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Intel: How Trump is trying to get ahead of Congress on Turkey sanctions

U.S. Treasury Secretary Steve Mnuchin speaks about sanctions against Turkey at a news briefing at the White House in Washington, U.S., October 11, 2019. REUTERS/Yuri Gripas - RC15A861E750

President Donald Trump is trying to get ahead of a bipartisan effort in Congress to sanction Turkey after his order to withdraw US troops from the northeast Syrian border paved the way for Ankara’s offensive against the Syrian Kurdish People’s Protection Units.

Treasury Secretary Steve Mnuchin announced today that Trump plans to sign an executive order that could lead to sanctions on Turkish “individuals and entities” before Congress moves on the sweeping sanctions proposed by Sens. Lindsey Graham, R-S.C., and Chris Van Hollen, D-Md.

“I think the message to Congress is I know that people were contemplating sanctions,” said Mnuchin. “We’re on top of sanctions. The president will use them when necessary.” However, Mnuchin also said the Trump administration hopes to avoid using the sanctions even as he vowed that the United States “can shut down the Turkish economy if we need to.”

Mnuchin made the announcement after speaking with Turkish Finance Minister Berat Albayrak and promised to outline the potential sanctions to the Turks in private.

Why it matters: It remains unclear how the White House’s proposed sanctions stack up with the broad sanctions in the Graham-Van Hollen bill, which targets Turkey’s defense and energy industries as well as top Turkish officials, including President Recep Tayyip Erdogan and Mnuchin’s counterpart Albayrak.

A Treasury Department press release said the sanctions threat is intended to “dissuade Turkey from any further offensive military action in northeast Syria, including but not limited to indiscriminate targeting of civilians, targeting of civilian infrastructure, targeting of ethnic or religious minorities, or targeting or other actions that undermine the continued counterterrorism activities” of the US-backed Syrian Kurds. It also emphasized that Turkey must not “allow even a single [Islamic State] fighter to escape” in the offensive.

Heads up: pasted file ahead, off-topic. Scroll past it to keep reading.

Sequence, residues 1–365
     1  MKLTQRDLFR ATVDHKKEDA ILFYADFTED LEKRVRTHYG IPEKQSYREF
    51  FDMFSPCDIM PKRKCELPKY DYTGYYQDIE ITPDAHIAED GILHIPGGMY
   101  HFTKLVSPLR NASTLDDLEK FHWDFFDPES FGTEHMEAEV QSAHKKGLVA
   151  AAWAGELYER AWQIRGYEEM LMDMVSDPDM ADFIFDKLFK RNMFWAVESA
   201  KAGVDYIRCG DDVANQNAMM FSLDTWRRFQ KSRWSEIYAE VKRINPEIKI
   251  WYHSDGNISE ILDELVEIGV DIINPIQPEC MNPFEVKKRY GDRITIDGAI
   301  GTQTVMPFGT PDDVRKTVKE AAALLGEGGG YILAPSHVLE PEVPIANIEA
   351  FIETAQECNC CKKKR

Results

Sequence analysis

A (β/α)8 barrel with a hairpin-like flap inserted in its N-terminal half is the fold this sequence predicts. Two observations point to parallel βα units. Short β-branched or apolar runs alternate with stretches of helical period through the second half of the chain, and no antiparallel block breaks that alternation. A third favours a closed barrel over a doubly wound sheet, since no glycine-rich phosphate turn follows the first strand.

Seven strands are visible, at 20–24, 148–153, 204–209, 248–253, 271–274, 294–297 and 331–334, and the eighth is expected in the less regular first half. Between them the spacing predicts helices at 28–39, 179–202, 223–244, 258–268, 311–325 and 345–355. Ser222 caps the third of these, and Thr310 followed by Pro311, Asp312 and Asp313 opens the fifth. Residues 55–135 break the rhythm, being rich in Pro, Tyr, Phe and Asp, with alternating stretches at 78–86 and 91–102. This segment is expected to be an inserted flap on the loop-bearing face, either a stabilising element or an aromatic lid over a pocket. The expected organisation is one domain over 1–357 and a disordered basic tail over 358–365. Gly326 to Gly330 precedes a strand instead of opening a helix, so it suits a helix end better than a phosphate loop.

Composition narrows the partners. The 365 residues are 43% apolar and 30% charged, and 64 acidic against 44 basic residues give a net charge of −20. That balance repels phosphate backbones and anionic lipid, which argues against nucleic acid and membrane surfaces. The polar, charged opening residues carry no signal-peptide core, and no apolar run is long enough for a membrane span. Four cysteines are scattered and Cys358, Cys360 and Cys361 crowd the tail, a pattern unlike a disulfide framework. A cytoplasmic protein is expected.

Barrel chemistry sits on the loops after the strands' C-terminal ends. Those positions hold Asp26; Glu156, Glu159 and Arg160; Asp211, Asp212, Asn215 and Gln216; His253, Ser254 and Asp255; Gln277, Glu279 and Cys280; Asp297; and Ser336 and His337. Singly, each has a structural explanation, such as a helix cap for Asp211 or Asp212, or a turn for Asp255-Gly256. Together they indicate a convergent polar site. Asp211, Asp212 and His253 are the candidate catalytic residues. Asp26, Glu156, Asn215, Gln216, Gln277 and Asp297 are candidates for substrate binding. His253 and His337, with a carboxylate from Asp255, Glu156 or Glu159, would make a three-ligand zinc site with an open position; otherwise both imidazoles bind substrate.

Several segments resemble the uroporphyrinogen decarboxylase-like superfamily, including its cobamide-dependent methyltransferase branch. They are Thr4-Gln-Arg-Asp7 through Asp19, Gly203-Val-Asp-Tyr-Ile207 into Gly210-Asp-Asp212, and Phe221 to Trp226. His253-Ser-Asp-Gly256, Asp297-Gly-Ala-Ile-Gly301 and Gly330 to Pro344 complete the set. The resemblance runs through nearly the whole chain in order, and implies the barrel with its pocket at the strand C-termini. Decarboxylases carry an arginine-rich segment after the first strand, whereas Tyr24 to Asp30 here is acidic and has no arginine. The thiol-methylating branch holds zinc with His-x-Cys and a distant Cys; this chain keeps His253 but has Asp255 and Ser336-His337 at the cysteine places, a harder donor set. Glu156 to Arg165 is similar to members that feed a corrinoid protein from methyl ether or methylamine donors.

Mixed messages: Notably, the Trump administration still has not implemented sanctions on Turkey for purchasing the Russian S-400 missile defense system despite a legal requirement to do so under a 2017 Countering America’s Adversaries Through Sanctions Act (CAATSA).

Neither the White House nor the Treasury Department responded to Al-Monitor’s inquiry as to whether it intends to implement the CAATSA sanctions on Turkey. Graham and Van Hollen also did not respond to Al-Monitor’s inquiry as to whether they still plan to move ahead with their sanctions package in light of the White House announcement.

What’s next: While Trump has threatened to “obliterate the economy of Turkey” if Ankara does anything he deems off-limits in the Syria offensive, he has also invited Erdogan to the White House for a November meeting.

Know more: Read congressional correspondent Bryant Harris to learn more about what’s in Congress’ proposed Turkey sanctions package.